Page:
On Monday morning, as the day was beginning to heat up outside at the Parque Niños COVID-19 testing site where he volunteers, Laurence Berland took off one mask and readjusted another so he could talk about life after Google.
That is, what does a tech activist do after playing a central role in an employee revolt at one of the world’s largest tech companies? Berland was, indeed, one of the so-called “Thanksgiving Four,” a reference to the four employees Google fired over the holiday weekend for security breaches. The four, however, maintain it was for their activism.
The “legal stuff” pertaining to the Google debacle kept Berland busy at first, and then he did some traveling through Asia before COVID-19 swept the globe. With his job hunt still in progress, the out-of-work software engineer finds himself doing what perhaps comes most naturally: community service.
“I get frustrated. People always say, you know, there’s this problem — I wish there was something I can do,” he said, noting that was a common refrain at Google. “If you think that there’s nothing that you can do, you’re probably not looking.”
Berland didn’t have to look far for an opportunity to help with the Mission District’s massive testing effort. He was already volunteering with SF Community Support, a group that delivers meals to people in need during the crisis, when a UCSF data scientist wrote on its Slack channel, asking for help with the testing effort.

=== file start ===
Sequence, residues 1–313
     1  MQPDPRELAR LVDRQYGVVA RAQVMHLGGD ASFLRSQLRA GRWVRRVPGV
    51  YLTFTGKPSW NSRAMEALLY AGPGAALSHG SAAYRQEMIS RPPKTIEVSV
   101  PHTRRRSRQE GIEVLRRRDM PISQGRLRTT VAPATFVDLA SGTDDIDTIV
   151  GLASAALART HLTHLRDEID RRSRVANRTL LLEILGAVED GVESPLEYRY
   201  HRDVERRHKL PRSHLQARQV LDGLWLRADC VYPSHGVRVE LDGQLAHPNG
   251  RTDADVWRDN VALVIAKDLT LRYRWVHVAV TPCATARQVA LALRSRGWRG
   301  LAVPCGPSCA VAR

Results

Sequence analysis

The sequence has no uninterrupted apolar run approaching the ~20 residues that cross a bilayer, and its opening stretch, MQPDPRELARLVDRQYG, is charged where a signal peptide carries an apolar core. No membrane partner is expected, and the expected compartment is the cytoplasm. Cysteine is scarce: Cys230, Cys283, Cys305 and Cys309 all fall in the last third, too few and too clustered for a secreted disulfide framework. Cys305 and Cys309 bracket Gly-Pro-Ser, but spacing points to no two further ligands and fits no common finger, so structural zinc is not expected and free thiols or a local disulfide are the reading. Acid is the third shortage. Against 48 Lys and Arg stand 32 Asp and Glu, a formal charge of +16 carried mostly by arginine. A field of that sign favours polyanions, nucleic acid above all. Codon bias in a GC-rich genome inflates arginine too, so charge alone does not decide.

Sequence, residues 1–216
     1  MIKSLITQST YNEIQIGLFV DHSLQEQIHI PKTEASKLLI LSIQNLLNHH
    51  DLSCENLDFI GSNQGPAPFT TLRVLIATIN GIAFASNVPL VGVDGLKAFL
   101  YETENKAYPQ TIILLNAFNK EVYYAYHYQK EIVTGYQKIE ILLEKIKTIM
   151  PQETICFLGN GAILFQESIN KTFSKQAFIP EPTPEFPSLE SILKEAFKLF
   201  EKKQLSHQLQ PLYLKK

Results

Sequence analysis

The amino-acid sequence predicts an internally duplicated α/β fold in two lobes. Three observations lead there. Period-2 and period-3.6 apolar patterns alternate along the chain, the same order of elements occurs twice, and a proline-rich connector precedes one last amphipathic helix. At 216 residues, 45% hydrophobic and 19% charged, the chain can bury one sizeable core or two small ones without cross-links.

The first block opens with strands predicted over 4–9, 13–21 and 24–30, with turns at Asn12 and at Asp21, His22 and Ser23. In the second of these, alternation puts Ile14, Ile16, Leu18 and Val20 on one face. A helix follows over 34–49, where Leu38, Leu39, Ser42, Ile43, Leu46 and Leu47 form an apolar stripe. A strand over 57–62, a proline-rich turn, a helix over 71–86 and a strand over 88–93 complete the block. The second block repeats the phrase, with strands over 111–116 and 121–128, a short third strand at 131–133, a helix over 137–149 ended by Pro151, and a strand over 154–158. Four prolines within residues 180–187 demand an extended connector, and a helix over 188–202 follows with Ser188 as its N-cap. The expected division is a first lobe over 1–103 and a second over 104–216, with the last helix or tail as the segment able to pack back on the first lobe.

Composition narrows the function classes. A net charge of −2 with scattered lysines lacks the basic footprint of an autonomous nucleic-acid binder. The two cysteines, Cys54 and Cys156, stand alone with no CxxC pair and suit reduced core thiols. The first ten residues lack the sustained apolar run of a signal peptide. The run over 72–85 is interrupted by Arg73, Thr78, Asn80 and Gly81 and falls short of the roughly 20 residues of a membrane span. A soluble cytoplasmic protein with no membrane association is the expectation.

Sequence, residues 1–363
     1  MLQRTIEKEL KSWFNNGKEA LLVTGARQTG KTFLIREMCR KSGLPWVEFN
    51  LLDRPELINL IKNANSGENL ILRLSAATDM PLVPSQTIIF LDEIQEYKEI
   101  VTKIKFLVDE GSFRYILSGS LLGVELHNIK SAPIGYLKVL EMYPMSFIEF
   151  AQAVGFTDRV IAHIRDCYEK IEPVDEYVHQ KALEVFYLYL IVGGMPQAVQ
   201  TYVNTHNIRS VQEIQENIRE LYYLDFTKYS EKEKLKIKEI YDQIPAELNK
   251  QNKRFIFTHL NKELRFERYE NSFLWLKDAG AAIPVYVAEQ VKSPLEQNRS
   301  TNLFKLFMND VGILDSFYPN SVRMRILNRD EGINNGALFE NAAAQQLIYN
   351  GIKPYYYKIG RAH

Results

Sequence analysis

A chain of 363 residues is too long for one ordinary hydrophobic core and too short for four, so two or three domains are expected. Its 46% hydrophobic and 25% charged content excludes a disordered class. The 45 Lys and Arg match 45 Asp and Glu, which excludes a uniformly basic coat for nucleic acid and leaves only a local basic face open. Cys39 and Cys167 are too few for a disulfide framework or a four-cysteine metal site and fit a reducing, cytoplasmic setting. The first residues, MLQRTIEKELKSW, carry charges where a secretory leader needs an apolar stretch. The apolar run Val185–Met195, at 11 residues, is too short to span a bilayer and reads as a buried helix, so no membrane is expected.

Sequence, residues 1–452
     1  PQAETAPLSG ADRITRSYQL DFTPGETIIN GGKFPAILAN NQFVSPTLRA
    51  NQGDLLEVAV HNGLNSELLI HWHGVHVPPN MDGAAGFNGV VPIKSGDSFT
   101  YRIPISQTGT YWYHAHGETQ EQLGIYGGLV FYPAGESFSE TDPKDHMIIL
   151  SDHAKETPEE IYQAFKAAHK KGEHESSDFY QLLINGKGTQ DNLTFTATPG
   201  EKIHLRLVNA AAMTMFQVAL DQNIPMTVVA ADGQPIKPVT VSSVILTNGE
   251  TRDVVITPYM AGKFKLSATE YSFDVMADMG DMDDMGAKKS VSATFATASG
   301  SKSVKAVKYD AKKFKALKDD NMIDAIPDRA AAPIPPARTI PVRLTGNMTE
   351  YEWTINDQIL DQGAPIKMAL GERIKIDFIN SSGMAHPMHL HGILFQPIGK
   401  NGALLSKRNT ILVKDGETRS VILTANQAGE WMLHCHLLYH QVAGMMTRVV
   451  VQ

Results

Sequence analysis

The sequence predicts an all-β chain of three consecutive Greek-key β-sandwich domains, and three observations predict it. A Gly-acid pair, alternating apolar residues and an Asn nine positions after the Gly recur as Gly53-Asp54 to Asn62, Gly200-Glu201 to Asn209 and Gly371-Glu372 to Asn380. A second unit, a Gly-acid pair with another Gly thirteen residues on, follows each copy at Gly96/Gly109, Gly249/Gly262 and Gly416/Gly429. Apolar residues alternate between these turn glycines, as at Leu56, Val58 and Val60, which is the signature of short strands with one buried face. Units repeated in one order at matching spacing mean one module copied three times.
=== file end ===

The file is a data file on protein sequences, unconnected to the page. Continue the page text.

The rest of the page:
“I saw it and I immediately thought, ‘This is exactly what we need,’” he said.
So Berland joined other volunteers in going door-to-door, informing people of the free testing. Going from block to block, he saw the disparities first hand. “You go to one apartment and hear that there’s 11 people living there, and eight of them aren’t home to talk because they’re out working,” he said. And then there’s “a three-story house and it has two people living in it.”
Now, at one of the four sites where people are tested, Berland helps wherever he can. Sometimes it’s troubleshooting iPads used to register people, or organizing a group of volunteers, or driving a flatbed truck. “Sometimes it’s phone calls or sometimes it’s putting on an N-95 mask and standing in the sun in the park for four days,” he said.
Berland emphasized he’s not alone in his enthusiasm. There were, indeed, around 140 volunteers aiding in the testing effort.
“What I see every day when I come to this testing site is doctors, nurses, students, tech workers, construction workers, stay at home mothers, retired people,” he said. “Everybody’s coming out together and saying, ‘I want to help. How do I help?’”